# What is the equation representing a constant elasticity of 1?

I'm reading the chapter in my textbook about the price elasticity of demand, and it was pointed out that most demand curves do not represent a constant elasticity of demand - even linear curves like $f(x)=x$ is not constant elasticity although it has constant slope. It then points out three curves that have constant elasticity all throughout the curve.

I'm just curious, from a mathematical standpoint, what function represents the rounded curve? It's definitely something akin to an exponential function, but I'm not quite sure how to calculate it. I played around on google and found that $f(x)=e^{-x}$ looks something like it, but it's not quite the right shape. The straight lines are simple and straightforward - they have a slope of 0 and a slope of infinity, respectively. But what about the round curve?

FWIW, the equation I have to calculate elasticity is:

$$\eta=\frac{\text{Percentage change in quantity demanded}}{\text{Percentage change in price}}$$

Would I have to use integration to find this out? • Rectangular Hyperbola - given by $pQ = c^2$ for some $c$. Jun 18, 2013 at 22:12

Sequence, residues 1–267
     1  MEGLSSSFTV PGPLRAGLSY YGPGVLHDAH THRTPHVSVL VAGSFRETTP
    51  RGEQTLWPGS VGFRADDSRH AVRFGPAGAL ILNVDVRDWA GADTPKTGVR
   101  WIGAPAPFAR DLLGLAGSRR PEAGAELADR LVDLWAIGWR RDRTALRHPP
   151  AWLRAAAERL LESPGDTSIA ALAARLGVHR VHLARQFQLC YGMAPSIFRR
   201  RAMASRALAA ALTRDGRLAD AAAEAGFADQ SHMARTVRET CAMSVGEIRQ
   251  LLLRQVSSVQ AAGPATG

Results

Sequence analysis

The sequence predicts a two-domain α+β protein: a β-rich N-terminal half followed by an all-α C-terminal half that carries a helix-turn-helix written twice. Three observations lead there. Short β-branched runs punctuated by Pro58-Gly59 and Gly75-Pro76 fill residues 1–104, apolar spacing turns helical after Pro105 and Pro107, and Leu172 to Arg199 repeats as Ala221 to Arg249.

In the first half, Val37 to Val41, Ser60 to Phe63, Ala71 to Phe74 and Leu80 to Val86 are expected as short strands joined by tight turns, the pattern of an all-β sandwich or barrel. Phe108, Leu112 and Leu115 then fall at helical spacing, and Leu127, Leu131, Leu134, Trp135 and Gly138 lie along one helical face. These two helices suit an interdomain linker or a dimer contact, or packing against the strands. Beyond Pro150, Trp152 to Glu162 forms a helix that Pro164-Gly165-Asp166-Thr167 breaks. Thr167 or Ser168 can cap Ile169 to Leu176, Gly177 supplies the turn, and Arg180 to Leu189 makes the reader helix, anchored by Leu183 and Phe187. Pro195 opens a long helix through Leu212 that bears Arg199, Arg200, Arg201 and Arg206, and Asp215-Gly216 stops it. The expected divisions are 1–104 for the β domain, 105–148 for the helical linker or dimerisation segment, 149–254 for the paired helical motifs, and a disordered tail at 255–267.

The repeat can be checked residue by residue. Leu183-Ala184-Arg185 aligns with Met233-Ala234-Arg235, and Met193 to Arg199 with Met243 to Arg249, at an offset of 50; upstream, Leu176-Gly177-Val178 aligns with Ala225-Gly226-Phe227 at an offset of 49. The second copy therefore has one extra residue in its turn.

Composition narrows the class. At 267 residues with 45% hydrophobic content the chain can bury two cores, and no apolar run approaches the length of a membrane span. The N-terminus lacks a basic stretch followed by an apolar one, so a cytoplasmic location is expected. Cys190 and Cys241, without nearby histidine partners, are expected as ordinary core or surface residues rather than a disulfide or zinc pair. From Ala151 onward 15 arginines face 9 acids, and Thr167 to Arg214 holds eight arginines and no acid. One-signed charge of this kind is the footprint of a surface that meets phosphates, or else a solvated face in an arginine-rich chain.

• The use of $c^2$ here would be somewhat justified if $p$ and $Q$ had similar units, e.g. if both were in dollars then using $c^2$ would make $c$ come out also in dollars. But in this case, $p$ is in a money unit while $Q$ is only a quantity unit, so likely no need for the $c^2$ rather than the $c$. One thing it does do is to make sure the value is positive -- you want a positive constant on the right of $pQ=c$ provided you want the usual inverse relation between $p$ and $C$. Jun 18, 2013 at 22:40
The general isoelastic demand function is given by $$Q(p)=Ap^\eta$$ where $\eta$ is the constant elasticity of demand.
To derive this function, note that $$\text{constant}=\eta=\frac{dQ/Q}{dp/p}$$ or $$\frac{Q'(p)}{Q(p)}=\frac{\eta}{p}.$$ Integrate to get $$\eta \ln p = \ln Q(p) +k$$ where $k$ is the constant of integration. Then $$Q(p)=e^{-k}p^\eta.$$